In addition to providing financial support, Cathy said, “These churches are committed to praying for us and staying connected to us through our email updates and Facebook posts. They know not only how we are doing as a family, but they lift up the work and say, ‘Please, pray for our partners as we face very critical times in our government and in our society.’ Support also comes in the form of emails that come from them that ask how we are doing.”

“What do I bring to the table?”

When people ask about her mission work, Cathy said that for a church to address human trafficking you have to learn what it is. There are different economies operating throughout the Philippines and it is important to understand the context of the country as a whole. Cathy is working with a global partner, the United Church of Christ in the Philippines (UCCP). UCCP also oversees the ministries of hospitals, schools, colleges and the hotel industry.

Cathy Chang with Cheryl Taylor at Eastminster Presbyterian Church. (Photo provided)

“It is through their witness as a church, their relationship with other organizations and by virtue of who they are that I also have been invited into this relationship” Cathy said. “UCCP consists of a heritage and the best of what these denominations can offer: Congregationalists, Disciples of Christ, Church of the Brethren, Philippine Methodists and Presbyterians.”

“This is about relating, meeting, attending, and visiting with the various individuals and churches and ministries,” she said. “The beginning of understanding ‘what do I do?’ is to first understand the church with whom I’m working.”

She said she is learning to understand the concerns about migrants, migration and human trafficking through organizations like Migrante International and Churches Witnessing with Migrants.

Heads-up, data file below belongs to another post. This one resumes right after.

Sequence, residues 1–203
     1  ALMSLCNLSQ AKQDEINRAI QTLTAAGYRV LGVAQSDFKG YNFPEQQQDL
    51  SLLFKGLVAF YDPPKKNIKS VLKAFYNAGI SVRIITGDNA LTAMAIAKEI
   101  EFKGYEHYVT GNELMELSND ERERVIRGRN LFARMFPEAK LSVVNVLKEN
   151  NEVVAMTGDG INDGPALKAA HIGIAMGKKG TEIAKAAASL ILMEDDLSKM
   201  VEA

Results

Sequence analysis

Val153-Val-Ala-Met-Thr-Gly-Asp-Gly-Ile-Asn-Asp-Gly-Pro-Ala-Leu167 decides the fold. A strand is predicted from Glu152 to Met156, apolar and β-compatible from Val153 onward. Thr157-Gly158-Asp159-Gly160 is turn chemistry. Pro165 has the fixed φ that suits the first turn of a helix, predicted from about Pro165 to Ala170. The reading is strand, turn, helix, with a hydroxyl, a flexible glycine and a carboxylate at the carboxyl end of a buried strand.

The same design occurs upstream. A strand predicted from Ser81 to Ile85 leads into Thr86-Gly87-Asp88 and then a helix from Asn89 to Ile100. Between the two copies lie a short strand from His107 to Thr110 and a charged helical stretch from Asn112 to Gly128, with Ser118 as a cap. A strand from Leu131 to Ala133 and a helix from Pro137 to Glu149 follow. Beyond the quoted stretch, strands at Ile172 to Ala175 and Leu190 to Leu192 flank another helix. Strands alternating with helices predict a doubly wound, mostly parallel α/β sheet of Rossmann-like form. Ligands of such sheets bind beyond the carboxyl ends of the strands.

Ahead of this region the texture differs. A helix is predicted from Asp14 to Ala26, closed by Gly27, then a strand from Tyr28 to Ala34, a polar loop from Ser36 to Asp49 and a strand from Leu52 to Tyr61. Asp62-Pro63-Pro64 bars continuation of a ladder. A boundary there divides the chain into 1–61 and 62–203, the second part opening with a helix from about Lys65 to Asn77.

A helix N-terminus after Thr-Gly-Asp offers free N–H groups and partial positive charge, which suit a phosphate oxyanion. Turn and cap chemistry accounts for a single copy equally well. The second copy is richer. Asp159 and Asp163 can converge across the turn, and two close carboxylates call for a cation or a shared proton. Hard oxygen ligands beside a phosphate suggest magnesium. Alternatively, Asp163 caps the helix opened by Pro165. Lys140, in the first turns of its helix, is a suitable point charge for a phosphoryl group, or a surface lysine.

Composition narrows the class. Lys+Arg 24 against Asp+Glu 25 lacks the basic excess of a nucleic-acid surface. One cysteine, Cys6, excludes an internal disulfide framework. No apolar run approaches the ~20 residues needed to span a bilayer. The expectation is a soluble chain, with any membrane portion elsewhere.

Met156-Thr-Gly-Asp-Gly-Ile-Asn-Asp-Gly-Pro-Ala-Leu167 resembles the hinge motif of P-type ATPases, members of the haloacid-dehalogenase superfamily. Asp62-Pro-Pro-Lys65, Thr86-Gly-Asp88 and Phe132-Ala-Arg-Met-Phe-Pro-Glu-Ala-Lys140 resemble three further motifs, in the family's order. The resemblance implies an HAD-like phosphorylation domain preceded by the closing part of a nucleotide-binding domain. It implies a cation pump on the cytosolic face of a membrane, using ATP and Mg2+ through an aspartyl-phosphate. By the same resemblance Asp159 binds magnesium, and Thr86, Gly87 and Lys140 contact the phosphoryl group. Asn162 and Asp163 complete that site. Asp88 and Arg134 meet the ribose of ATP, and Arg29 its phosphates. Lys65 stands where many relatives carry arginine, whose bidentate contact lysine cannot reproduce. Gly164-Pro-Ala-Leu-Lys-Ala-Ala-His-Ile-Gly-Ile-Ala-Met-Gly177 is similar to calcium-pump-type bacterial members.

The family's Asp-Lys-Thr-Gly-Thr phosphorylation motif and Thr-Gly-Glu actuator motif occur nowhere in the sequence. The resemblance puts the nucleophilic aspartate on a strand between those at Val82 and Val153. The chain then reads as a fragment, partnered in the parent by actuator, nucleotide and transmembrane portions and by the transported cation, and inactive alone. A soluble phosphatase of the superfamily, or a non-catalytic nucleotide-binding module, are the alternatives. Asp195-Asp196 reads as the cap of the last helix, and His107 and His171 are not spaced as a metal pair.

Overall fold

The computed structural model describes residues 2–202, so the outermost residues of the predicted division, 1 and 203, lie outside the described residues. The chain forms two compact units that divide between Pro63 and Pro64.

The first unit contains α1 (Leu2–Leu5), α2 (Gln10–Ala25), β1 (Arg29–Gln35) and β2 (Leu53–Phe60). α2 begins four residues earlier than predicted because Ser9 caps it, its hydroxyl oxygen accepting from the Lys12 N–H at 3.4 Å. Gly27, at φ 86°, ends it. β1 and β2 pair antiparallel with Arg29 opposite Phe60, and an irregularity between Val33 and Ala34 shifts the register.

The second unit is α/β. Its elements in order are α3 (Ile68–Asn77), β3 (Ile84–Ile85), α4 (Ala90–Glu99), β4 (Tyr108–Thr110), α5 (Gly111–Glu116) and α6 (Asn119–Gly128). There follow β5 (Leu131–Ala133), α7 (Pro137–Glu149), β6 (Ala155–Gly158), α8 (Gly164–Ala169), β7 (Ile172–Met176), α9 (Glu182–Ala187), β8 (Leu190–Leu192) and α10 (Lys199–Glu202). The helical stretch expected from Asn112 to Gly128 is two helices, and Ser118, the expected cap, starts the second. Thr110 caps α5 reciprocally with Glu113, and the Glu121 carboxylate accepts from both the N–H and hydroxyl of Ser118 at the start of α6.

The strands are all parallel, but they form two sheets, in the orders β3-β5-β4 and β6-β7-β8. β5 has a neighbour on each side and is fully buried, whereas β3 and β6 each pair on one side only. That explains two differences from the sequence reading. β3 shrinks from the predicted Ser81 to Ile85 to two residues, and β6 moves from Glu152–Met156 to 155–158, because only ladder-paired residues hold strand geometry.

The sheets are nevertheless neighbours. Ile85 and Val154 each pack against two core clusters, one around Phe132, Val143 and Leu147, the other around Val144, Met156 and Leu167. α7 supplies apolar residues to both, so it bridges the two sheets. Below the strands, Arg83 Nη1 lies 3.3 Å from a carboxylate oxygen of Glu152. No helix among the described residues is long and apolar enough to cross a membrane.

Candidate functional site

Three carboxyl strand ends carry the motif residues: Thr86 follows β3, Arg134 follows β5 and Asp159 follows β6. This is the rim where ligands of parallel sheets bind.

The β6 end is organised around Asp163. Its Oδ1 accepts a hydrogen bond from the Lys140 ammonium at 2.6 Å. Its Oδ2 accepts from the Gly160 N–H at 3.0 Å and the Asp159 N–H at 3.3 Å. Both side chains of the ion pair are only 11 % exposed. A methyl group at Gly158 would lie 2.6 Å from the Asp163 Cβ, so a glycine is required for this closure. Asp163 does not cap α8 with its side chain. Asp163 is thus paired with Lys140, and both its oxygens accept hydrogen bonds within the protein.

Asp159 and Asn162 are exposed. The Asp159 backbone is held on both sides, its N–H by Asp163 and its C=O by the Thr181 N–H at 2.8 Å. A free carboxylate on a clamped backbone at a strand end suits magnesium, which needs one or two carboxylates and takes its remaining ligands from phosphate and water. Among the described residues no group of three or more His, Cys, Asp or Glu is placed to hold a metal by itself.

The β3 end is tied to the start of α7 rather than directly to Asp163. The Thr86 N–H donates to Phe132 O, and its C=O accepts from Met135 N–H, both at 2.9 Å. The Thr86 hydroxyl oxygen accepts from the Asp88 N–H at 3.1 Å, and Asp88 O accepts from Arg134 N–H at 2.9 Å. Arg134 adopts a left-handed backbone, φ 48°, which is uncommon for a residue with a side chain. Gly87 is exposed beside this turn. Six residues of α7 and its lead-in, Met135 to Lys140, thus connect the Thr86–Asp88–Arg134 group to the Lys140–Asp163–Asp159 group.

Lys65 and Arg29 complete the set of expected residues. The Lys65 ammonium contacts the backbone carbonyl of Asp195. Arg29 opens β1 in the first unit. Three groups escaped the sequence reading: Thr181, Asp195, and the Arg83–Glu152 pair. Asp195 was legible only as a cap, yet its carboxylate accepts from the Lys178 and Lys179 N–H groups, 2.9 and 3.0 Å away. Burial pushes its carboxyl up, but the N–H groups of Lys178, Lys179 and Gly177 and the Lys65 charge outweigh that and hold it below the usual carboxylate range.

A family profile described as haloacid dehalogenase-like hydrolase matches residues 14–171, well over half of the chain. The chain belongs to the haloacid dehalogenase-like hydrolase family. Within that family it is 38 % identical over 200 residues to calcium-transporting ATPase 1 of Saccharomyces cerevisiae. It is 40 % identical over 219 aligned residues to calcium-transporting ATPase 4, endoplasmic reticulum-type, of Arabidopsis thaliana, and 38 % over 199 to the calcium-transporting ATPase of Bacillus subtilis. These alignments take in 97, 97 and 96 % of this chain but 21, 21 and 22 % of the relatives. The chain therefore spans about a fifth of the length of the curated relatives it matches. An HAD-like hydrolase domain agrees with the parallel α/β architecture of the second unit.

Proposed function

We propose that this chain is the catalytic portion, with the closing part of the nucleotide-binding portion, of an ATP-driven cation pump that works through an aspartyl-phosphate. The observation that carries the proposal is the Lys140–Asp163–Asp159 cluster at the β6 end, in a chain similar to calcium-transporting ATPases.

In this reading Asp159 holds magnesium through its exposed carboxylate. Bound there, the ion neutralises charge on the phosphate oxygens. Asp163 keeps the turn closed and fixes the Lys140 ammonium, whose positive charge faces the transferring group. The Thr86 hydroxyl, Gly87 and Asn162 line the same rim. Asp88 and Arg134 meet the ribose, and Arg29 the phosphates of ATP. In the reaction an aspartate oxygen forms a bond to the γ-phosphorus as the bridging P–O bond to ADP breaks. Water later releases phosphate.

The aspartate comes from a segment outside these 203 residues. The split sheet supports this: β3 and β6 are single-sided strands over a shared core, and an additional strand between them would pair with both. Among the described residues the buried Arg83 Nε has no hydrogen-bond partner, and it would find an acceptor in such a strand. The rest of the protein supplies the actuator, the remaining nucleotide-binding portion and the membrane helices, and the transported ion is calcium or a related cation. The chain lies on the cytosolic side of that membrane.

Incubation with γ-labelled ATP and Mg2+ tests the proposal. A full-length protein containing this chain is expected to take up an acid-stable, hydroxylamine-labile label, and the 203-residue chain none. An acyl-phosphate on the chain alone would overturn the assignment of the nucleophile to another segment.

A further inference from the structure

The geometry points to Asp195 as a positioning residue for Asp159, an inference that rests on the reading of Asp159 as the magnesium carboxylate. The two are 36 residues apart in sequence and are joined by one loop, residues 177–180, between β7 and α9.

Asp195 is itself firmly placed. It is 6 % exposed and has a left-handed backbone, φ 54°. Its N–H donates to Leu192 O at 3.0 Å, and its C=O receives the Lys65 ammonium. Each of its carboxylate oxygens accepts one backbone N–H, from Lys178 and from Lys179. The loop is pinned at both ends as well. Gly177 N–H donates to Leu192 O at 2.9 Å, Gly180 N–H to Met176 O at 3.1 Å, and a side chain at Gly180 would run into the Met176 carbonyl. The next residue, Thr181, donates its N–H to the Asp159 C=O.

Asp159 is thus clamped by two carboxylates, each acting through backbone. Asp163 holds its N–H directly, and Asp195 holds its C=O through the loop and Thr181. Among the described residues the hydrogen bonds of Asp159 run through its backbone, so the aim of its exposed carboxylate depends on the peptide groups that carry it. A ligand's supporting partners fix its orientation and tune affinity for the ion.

“I am still learning what do I bring to the table as someone who is not only a representative, but a guest and partner of the UCCP? But also, what are those resources that I bring as a Presbyterian Church (U.S.A.) mission co-worker? These earliest months have been about navigating and finding the navigators who will help me.”

Cathy said the remainder of 2017 will be fast-paced, with lots of travel in and outside of the Philippines. She will be part of a curriculum revision committee on adult sexuality to use the curriculum with UCCP churches, colleges, and other sites. She will travel to Hong Kong to meet with several PC(USA) regional liaisons to discuss collaboration efforts. She will be a presenter for a UCCP divinity school convocation and she will serve with the Presbyterian Women Global Exchange to Indonesia.

Her travels will take her away from her family at times, but Cathy said she hopes they can join her once in a while. She said being in the Philippines has made their family stronger.

“We’ve spent more time than we ever have together in these first few months,” she said. “We depend on each other and play off of our strengths. Our daughter is resilient and has adjusted well, too.”

Cathy said her term of service goes through September 2019. She said she is thankful to take her memories of Grace Presbytery back to her new home in the Philippines.

“You can never say ‘thank you’ enough. From our hearts, from team Chang Lopez, we are grateful for the ways God has connected us in God’s mission.”


To read more about Cathy and Juan:

To learn about Migrante International:

To learn about Churches Witnessing with Migrants: